Chapter 4 Corp., better known as cult-fav Supreme, has taken it to court over a "parody" tee. The retailer has sued womenswear brand, Married To The Mob's founder, Leah McSweeney for $10 million in a New York federal court stemming from McSweeney's "Supreme Bitch" design. [FYI - Supreme Bitch was McSweeny's first design when she started her company in 2004 and she filed a trademark application for it in January.] Supreme's claims against its unauthorized female counterpart: Trademark counterfeiting, unfair competition and false designation of origin, trademark dilution, and common law trademark infringement, among others. Supreme's founder, James Jebbia alleged in his complaint that "McSweeney’s shirts aren’t just trademark appropriation; they’re trying to build her whole brand by piggybacking off Supreme." To add to the amusing nature of the case, Supreme only just applied to federally register the design of its name with the USPTO on trademark March 6, 2013.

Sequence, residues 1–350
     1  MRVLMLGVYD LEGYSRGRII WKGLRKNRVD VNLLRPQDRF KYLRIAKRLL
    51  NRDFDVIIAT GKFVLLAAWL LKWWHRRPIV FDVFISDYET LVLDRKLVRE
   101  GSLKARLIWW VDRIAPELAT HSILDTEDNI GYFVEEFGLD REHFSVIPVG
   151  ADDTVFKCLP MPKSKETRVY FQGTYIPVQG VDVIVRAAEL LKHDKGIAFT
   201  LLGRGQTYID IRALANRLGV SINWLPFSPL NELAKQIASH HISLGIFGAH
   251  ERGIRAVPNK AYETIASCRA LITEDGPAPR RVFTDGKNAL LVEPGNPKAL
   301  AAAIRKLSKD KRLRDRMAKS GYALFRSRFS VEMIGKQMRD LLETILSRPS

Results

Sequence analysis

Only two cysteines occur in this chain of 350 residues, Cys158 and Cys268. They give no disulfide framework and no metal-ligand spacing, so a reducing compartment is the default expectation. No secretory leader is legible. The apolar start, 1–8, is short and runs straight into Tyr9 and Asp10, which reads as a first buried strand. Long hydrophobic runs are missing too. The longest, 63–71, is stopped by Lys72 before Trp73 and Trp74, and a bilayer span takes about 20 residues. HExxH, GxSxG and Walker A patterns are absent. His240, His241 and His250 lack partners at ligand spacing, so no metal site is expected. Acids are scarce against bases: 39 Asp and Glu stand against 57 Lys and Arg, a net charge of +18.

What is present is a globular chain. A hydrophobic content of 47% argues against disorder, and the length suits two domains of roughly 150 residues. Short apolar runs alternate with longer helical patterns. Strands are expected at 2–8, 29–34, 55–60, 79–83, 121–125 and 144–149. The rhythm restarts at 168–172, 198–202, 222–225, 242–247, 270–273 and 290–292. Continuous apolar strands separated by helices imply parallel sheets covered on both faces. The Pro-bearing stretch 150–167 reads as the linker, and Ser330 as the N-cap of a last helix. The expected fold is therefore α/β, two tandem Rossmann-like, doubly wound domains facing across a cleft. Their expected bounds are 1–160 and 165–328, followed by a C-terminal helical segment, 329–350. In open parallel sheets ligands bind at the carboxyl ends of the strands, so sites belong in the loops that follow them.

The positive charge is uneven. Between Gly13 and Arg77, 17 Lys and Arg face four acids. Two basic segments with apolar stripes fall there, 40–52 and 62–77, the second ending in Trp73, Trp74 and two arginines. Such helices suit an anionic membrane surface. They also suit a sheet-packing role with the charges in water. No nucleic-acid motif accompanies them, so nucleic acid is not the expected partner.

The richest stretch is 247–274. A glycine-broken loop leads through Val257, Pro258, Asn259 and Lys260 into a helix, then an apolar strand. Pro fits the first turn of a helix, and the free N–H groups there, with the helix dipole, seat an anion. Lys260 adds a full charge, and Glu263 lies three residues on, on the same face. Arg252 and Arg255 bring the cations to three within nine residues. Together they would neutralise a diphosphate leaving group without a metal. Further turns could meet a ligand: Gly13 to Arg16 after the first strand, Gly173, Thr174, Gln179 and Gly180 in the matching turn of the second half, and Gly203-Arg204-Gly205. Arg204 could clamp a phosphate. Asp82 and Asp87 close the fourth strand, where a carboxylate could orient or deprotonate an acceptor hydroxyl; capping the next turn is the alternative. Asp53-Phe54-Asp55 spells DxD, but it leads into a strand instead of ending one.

McSweeny has now filed her own claim against Supreme, asking the court to declare that her "Supreme Bitch" design (which has been spotted on singer Rihanna, model Cara Delevingne, and others) is, in fact, non-infringing. In addition to throwing Supreme under the busy for its own trademark infringing ways (think: Louis Vuitton, Coco-Cola, etc.), McSweeny's answer to the suit claims numerous affirmative defenses, namely that the "Supreme Bitch" design is a parody, and thus, protected by the First Amendment. A parody of what exactly? According to court documents, the Supreme Bitch t-shirt "originated as a criticism and parody of the male-dominated and often misogynistic skate culture and Supreme brand. More to come ... until the parties settle, that is.